Playing cards existences can be tracked more by the laws around them then surviving cards. There are laws banning them within other temperance laws as well as the taxing on imported cards and exported cards. Ship manifests are another way we can see the common use and trading of playing cards. From the late 1200’s on we start to see playing laws popping up on the books in many countries. It is believed that Playing cards originated around 1000 A.D. in China. They were narrow slips of paper essentially dominoes with dots in their 21 combinations possible with the throw of two dice. Paper was the original material for dominoes wood and ivory came later. Dominoes cards are still know as is another Chinese type, money cards, called that because of the suit signs are coin and variations. each region of Europe had their own style deck and they varied in the number of cards because of this.
Artisans and book makers would have been the people making playing cards. Artisans that did make playing cards didn’t get a lot of respect for most of the periods however eventually two became well known enough and respected enough to be invited to join the painters Guild (add time date) Books makers with printing presses would make a profit from these disposable commodity. And they could produce sheets of them quickly.
I created this deck to fit into a middle class Tudor gaming set to play such games as Noddy. I enjoy teaching and playing pass times and have made these as part of my 50th year project of making my gear 50% more period for my persona. I liked the idea that I could make more if any get damaged and so having the ability to print them one or two at a time was important to me. I also wanted to be able to give them as gifts and have them for use on the archery range and throwing range for use as targets for card games with weapons.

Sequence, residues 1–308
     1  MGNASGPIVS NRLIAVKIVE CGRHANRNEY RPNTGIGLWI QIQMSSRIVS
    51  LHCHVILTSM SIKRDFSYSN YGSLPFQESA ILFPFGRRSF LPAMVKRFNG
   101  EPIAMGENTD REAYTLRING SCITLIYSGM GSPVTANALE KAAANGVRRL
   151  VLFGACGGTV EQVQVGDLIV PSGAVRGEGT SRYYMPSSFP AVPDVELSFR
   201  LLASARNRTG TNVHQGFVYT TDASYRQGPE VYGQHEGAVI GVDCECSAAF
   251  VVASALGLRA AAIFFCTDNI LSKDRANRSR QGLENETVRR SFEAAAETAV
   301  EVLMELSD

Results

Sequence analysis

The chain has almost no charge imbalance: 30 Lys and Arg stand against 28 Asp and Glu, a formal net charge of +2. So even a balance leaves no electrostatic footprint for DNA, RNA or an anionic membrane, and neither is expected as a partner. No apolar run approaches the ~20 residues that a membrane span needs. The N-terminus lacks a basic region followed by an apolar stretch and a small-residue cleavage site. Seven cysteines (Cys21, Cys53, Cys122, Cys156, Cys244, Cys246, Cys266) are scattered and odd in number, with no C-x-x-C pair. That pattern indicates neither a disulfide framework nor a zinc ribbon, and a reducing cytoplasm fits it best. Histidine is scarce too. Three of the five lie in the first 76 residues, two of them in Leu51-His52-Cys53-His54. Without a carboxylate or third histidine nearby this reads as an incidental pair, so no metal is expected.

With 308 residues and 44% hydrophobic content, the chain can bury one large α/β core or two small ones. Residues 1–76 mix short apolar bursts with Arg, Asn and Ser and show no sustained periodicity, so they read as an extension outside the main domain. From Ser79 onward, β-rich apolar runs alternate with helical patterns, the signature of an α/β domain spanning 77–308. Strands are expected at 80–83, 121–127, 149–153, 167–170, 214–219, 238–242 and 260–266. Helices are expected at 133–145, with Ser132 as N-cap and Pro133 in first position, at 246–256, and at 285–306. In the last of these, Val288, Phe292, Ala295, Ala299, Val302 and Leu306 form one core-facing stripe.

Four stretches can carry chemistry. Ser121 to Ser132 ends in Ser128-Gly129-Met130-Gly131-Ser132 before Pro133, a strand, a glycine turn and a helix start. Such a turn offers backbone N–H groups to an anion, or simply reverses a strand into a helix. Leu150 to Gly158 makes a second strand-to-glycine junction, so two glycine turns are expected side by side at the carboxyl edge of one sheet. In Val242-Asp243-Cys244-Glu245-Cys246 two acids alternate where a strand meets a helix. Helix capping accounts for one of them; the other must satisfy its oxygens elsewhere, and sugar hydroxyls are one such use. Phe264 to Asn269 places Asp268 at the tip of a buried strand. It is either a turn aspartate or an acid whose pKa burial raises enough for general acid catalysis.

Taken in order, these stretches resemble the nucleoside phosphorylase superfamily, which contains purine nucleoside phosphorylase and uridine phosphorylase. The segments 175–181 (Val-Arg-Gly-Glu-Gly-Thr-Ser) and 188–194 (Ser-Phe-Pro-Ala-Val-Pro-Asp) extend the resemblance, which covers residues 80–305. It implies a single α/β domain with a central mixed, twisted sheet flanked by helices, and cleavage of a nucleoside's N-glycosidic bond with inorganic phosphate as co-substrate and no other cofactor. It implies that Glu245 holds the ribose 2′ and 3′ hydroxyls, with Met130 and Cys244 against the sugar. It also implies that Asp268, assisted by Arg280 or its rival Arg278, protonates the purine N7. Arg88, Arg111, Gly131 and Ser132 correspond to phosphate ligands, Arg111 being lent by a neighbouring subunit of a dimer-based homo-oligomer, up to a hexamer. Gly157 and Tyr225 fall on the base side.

4. This deck of cards was created to fit into a middle class Tudor gaming set to play such games as Noddy. Playing cards in Europe can be documents from the mid 1200’s on. And the Royals of the Tudors were known for their love of gambling and cards.
From the few surviving pieces we can see suits and face card. There is only one known complete deck of period playing cards. That is the Flemish Hunting deck, aka Hofjager Hunting Pack, or the Cloisters Pack, at the Metropolitan Museum of Art’s Cloisters Location dated between 1475 to 1480, in the Netherlands. These were made of pressed layered paper and decorated with stenciled and hand drawn designs and overlaid with gold and silver. A recent discovery of Spanish suited cards has been uncovered in a book published in1519. The uncut sheets showing 15 cards shows clothing styles from the 1460’s so they may have sat a long time between being put aside and turned into board for the book. They are related in design to the Oberdeutscher Strecher, engraved in 1490’s and the uncut sheet by master of the Banderoles, ingraved in the thrird quarter of the 15th century. Theres cards maybe typical of early Spanish suited cards, Imitating the French makers made by german engravers who wished to export wares back to Spain. (Book cover of a Catalan manuscript volume of 1519 at “Museu Nacional d’Art de Catalunya”)
I used artist card paper precut so they would be perfectly uniformed so no one can accuse me of cheating (yet) I did this because I don’t trust myself to cut them yet. I used speedball oil-based block printing ink.